On top of this national amnesia, fascists today still have an important place of pilgrimage standing less than 60 kilometers away from Madrid, which was built with enslaved prisoners for over almost two decades from 1940 to 1958. The Valle de los Caídos, recently renamed to Valle de Cuelgamuros,20 is a memorial “erected to welcome the heroes and martyrs of [their] Crusade”,21 a monstrous monument fancying a pharaonic-esque Christian tomb that housed Franco’s corpse alongside the body of the fascist ideologist and Falange founder Jose Antonio Primo de Rivera. Its touristic attraction has diminished around 70%22 with the recent relocation of the aforementioned in 2019 and earlier this year respectively.

It was only in 2007 that Spanish law extended the rights of those wronged during the Civil War and the dictatorship with the Historical Memory Law (Ley 52/2007).23 Since that year, the ARMH could only cover around 2% of the budget they required for the subsequent exhumations. According to the association, the majority of the remaining 98% has been volunteered by its network of archaeologists, historians, families and neighbors of the victims. In 2022, the new Democratic Memory Law (Ley 20/2022) replaced 52/2007, extending its definition of Franco’s fascism and describing it for the first time as illegal, thus initiating procedures to repurposing the Valle de Cuelgamuros, and amending 1977’s amnesty to finally adhere to international law.

Lastly, there is a particular bravado inherent to the Spanish conservatives. Remembering means challenging their source of nobility, of their wealth and positions of power. Their lack of compliance ranges from mocking the exhumation efforts,24 to halting remembrance projects,25 restoring street names to prominent Francoists and fascist movements26 or blurring the language with which they show rendition.27

With regard to the various cultural industries available within the country, remembering the Civil War and Franco’s dictatorship in the times of democracy has been ostensibly exploited from historical fiction to documentaries,28 history books (generalist and thematized),29 and even as a backdrop for an idiosyncratic way of telling fantasy stories,30 perhaps to compensate for the institutional silence brought by the Transición until these days. The quality, accuracy or unselfishness of this generous body of work is a discussion for another day, but it is important to emphasize the contrasting lack of video games of the same nature.31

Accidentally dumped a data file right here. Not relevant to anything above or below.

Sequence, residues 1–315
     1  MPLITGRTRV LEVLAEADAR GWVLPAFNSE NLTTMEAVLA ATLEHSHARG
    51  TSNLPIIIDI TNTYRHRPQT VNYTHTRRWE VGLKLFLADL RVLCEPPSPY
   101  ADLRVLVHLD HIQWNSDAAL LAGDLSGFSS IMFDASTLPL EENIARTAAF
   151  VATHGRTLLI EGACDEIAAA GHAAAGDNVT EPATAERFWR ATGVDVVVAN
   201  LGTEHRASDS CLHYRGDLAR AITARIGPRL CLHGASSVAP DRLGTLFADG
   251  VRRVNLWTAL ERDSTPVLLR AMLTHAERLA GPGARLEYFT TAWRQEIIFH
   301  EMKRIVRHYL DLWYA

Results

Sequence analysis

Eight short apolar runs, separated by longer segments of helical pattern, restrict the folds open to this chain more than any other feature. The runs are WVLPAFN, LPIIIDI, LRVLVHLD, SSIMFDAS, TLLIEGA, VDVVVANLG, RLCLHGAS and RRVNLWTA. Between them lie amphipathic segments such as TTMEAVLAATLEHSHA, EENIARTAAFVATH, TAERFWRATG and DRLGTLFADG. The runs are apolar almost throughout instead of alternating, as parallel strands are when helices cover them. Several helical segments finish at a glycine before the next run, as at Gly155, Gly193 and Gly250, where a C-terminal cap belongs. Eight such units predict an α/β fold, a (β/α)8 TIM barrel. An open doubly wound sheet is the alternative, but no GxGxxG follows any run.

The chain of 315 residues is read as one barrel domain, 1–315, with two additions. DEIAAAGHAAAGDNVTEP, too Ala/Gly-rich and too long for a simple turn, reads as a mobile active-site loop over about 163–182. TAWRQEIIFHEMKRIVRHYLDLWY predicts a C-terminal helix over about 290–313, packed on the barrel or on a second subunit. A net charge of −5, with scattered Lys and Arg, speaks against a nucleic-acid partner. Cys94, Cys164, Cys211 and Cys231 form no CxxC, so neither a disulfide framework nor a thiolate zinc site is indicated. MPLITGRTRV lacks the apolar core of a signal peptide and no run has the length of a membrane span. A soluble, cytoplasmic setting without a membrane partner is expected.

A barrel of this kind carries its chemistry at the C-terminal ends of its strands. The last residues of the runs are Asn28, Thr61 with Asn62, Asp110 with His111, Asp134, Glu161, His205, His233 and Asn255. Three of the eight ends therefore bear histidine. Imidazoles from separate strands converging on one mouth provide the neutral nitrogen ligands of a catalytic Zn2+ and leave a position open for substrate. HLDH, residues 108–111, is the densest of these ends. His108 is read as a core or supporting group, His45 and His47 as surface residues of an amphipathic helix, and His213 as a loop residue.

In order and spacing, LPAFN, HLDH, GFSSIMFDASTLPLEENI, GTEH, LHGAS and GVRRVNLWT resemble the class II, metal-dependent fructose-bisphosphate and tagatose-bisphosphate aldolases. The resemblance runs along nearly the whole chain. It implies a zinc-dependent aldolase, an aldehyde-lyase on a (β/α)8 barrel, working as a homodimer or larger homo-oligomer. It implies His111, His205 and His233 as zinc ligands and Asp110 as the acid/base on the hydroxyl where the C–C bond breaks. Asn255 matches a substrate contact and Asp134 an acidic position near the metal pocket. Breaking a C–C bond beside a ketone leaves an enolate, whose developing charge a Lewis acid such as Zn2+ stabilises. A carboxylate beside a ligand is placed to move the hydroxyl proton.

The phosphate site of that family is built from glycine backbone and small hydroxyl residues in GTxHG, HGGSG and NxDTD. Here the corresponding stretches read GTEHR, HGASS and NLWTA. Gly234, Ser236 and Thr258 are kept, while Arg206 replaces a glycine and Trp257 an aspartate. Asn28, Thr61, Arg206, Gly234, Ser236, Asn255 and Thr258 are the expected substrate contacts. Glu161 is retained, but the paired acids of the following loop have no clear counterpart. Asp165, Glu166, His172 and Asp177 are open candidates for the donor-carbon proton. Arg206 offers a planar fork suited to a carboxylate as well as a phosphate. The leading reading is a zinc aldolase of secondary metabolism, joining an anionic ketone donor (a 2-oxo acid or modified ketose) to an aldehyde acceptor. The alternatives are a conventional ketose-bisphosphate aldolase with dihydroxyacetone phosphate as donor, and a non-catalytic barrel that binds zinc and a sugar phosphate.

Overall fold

13 Rosas. Casilda de Zulueta

Developing 13 Rosas as a Virtual Memorial (for the lack of physical ones)

13 Rosas is a horror game on the terrors of fascism. Since its ideation, it was clear that it would not be developed with the intention of substituting a sensible educational program and the much needed institutional restoration and remembrance policies. Much like many self-initiated game projects, the idea came out of a quite playful conceptualization: what if Slenderman32 but instead of 8 pages you had to find 13 roses?

The game mechanics and audiovisual aesthetics take direct inspiration from early survival horror series like Silent Hill,33 but there were more modern iterations on horror from the indie and amateur development scene that inspired the feasibility and scope of this game, like the ones by Chilla’s Art,34 Kitty Horrorshow,35 the SCP Foundation adaptations36 and the aforementioned Slenderman. A secondary goal was to design the game mobile-first, so it could reach demographics beyond the console or gaming PC owners.

In principle, it was fitting to encapsulate this topic in a genre where the feeling of powerlessness and dread, metaphorical abstractions of uncomfortable aspects of individual and social problems and the on occasion cathartic outcomes are to be expected. In contrast with other video game genres, killing enemies is not an ubiquitous affordance for the player (although it might be possible to die), and that was something worth exploring too.

A few months before the 13 Rosas demo was released, another indie horror game got published: ROJO: A Spanish Horror Experience,37 where one can go into an old fascist’s home, fictionally placed in the richest neighborhood of Madrid, looking for the player character’s disappeared friend. This “haunted house” is fully decorated with fascist ornaments, giving a detailed depiction of the collective understanding of Francoist nostalgia. In contrast with ROJO, 13 Rosas’s iconographic level is a homage to the symbols of the Second Republic and at this point there are no game assets with fascist paraphernalia to avoid potential reappropriations and fetishizations.

The assumption was that if the development deviated from its oneiric conception and was designed as a non-fictional interactive, it would become dry and unplayable, but it was thought pertinent to focus the discourse around the game on its remembrance potential, its rigorousness and discretion. The game story is set on a moment distant from the periods it addresses. The subjects are only memories recalled in the form of texts, photographs and icons. All allusions to real-life events are based on official documentation. The compromise with the past remains.